Database of Software “Fingerprints” Expands to Include Computer Games

by Richard Press, NIST

One of the largest software libraries in the world just grew larger. The National Software Reference Library (NSRL), which archives copies of the world’s most widely installed software titles, has expanded to include computer game software from three popular PC gaming distribution platforms—Steam, Origin and Blizzard.

The NSRL, which is maintained by computer scientists at the National Institute of Standards and Technology (NIST), allows cybersecurity and forensics experts to keep track of the immense and ever-growing volume of software on the world’s computers, mobile phones and other digital devices. It is the largest publicly known collection of its kind in the world.

To people who work in cybersecurity and digital forensics, the world is a vast and ever-rising ocean of digital objects. NIST’s Reference Data Set—a list of more than 40 million hashes, or digital “fingerprints” of known software files—helps them quickly find what they’re looking for.
Credit: K. Irvine/NIST

The NSRL does not loan out the software in its collection. However, NIST runs every file in the NSRL through an algorithm that generates a digital “fingerprint”—a 60-character string of letters and numbers, also known as a hash, that uniquely identifies that file. Every quarter, NIST releases an updated list of hashes to the public. The list, which NIST calls the Reference Data Set, or RDS, can be freely downloaded from the agency’s website. The latest RDS contains more than 40 million hashes, including those for the recently added video game files.

To people who work in the fields of cybersecurity and digital forensics, the world is a vast and ever-rising ocean of digital objects. The RDS allows them to navigate that ocean and quickly find what they’re looking for.

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Many crimes today involve some form of digital evidence, and the NSRL helps investigators to process that evidence more quickly. If investigators have a seized hard drive or mobile phone, for instance, they can quickly hash all the files on that device, then compare that hash list to NIST’s RDS. All the files that match can be typically ignored because they are known software files that wouldn’t contain information relevant to the investigation.

“After they filter out all of the known files, they’re left with everything that’s not recognized,” said Doug White, the NIST computer scientist who runs the NSRL. “Those are the files that might be interesting.”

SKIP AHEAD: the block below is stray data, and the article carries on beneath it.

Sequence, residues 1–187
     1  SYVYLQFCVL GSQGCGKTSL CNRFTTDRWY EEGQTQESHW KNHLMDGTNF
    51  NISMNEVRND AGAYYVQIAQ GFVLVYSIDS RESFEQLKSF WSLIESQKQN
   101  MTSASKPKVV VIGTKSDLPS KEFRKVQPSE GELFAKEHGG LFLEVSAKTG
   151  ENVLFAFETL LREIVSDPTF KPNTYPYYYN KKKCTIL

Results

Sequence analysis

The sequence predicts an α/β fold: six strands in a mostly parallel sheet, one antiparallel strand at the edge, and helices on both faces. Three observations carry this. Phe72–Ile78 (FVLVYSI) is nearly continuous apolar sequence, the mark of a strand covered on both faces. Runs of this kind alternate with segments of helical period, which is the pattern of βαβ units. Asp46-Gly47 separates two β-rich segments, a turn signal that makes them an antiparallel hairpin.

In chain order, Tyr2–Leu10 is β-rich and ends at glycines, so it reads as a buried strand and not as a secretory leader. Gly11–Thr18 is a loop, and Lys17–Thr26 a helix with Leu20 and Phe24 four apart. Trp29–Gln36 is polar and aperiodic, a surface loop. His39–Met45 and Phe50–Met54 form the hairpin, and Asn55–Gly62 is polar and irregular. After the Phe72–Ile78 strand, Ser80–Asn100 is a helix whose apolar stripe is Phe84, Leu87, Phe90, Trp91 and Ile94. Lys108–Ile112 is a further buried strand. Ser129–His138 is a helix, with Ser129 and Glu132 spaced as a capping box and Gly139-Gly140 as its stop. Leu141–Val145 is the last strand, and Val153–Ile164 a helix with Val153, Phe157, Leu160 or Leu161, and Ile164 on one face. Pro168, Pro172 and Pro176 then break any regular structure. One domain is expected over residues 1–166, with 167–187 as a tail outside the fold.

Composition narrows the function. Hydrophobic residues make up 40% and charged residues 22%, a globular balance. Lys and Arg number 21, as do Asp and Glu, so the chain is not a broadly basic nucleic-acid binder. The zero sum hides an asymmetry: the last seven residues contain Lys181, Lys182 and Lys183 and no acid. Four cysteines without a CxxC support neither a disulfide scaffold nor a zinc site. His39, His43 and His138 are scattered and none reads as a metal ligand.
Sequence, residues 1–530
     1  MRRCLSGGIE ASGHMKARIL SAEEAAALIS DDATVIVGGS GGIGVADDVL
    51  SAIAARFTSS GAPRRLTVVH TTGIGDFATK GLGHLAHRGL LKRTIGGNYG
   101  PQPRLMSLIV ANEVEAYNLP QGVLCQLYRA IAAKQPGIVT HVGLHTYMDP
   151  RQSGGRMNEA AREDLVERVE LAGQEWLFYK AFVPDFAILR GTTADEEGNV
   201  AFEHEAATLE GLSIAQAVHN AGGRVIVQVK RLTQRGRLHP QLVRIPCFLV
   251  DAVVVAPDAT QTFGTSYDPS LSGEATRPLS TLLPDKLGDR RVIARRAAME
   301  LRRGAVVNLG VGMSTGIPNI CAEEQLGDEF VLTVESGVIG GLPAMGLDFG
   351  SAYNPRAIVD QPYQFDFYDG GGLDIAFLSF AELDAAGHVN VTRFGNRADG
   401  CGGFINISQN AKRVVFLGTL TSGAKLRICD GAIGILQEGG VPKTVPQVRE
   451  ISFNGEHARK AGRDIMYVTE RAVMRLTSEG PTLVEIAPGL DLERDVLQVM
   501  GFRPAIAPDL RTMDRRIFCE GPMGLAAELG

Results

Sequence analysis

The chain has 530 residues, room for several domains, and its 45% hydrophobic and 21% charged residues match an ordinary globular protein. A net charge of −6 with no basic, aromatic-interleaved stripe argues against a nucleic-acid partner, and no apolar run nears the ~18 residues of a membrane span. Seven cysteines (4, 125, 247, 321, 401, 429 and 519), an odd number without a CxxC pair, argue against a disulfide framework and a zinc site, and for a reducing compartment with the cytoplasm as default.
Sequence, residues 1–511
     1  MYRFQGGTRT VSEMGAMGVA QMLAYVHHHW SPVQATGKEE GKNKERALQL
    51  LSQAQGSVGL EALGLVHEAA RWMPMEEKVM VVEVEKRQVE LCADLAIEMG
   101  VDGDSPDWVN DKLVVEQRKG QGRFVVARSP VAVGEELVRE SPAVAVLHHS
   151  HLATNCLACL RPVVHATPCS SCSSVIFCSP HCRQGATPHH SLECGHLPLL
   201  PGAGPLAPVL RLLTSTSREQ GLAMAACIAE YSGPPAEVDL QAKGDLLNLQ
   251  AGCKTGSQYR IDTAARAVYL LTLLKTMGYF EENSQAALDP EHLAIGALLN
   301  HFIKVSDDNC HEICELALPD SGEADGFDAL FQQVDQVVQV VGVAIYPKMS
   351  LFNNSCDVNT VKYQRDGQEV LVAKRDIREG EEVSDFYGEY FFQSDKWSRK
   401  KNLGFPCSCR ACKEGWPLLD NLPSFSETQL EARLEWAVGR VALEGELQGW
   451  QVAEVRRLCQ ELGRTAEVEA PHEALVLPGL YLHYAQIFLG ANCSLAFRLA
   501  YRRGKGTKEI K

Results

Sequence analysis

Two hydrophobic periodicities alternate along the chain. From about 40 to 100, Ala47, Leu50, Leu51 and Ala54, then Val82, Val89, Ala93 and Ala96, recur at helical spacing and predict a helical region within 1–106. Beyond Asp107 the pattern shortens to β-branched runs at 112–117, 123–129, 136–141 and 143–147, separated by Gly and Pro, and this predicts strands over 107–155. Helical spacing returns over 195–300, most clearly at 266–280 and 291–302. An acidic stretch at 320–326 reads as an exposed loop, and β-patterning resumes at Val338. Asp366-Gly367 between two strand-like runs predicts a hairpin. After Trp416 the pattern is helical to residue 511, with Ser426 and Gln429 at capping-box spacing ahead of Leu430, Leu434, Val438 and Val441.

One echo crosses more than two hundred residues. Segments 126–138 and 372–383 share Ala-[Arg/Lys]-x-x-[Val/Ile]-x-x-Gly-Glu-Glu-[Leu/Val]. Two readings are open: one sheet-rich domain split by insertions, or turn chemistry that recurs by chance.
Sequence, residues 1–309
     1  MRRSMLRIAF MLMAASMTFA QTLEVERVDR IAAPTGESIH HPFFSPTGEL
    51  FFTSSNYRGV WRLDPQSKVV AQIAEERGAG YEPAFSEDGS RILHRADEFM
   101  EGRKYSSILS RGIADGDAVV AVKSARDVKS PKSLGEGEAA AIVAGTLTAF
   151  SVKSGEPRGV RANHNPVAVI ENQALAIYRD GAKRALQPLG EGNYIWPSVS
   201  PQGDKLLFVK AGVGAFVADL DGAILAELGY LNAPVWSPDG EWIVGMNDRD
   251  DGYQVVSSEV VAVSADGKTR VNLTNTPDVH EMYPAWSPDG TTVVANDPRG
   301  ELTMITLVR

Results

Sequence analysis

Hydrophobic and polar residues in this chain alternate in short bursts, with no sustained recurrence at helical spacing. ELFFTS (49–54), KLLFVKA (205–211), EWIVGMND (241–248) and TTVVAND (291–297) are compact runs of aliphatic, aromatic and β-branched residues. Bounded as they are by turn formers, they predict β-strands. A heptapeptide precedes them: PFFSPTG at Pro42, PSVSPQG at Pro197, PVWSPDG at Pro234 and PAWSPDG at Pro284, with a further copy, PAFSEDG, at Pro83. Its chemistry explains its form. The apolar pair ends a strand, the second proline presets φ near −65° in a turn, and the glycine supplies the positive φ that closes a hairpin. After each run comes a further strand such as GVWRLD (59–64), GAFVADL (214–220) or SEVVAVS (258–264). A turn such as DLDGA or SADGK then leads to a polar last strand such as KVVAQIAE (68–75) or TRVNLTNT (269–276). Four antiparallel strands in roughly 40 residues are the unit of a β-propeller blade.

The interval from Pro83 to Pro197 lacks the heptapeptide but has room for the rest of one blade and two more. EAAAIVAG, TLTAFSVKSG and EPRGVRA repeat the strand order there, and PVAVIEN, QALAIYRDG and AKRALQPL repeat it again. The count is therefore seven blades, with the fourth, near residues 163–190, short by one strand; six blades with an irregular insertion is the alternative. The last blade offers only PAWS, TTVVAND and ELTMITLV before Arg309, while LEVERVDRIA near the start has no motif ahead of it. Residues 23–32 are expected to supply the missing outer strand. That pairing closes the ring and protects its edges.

Digital forensic investigators at all levels of government and in private industry rely on the RDS to efficiently manage their caseload.

The NSRL contains operating system software, office software, media players, device drivers—all types of software files that are commonly installed on personal computers. In 2016, the NSRL expanded to include hundreds of thousands of mobile apps, which extended its usefulness to mobile phones.

The recent addition of gaming software to the NSRL reflects the growing popularity of that software category. “We’re not watching what gamers are doing,” White said. “But we need to include gaming software in the NSRL if we want to stay relevant.”

Among the video game titles added to the NSRL are “PlayerUnknown’s Battlegrounds,” “World of Warcraft” and “Mass Effect.”

“These games are insanely popular,” said Eric Trapnell, a NIST computer scientist who helped curate the collection and is a gamer in his spare time. “Some of them have install bases in the millions.”

Many of the titles were donated to the NSRL by Valve Software, which owns the Steam platform; Electronic Arts, which owns Origin; and Activision Blizzard, which owns Blizzard. Other titles were purchased if their install base was large enough to justify the expense. All titles in the NSRL are properly licensed and acquired.

While the NSRL exists primarily to support cybersecurity and law enforcement efforts, it is also considered a repository of culturally significant digital artifacts. While important books, films and audio recordings are preserved at the Library of Congress, the NSRL functions as a national software archive. Historians consider this important because most of modern culture is both produced and consumed using software.

“Think of all the PowerPoints and Word documents that have tremendous historical significance,” said Trevor Owens, head of Digital Content Management at the Library of Congress. He might have added digital artworks, maps and interactive media. “Those documents might be lost, if future historians don’t have access to a comprehensive collection of software.”

An earlier batch of video games was added to the NSRL two years ago, including first editions of “Mario Bros.,” “Asteroids” and “Sim City,” preserving these retro titles and associated artwork for posterity.

While law enforcement professionals and digital culture geeks might seem strange bedfellows, White says he’s not surprised by their shared interest in the software library. “We preserve the software and make the RDS available to the public,” White said. “The more people who find that useful, the better.”

This article was originally published on

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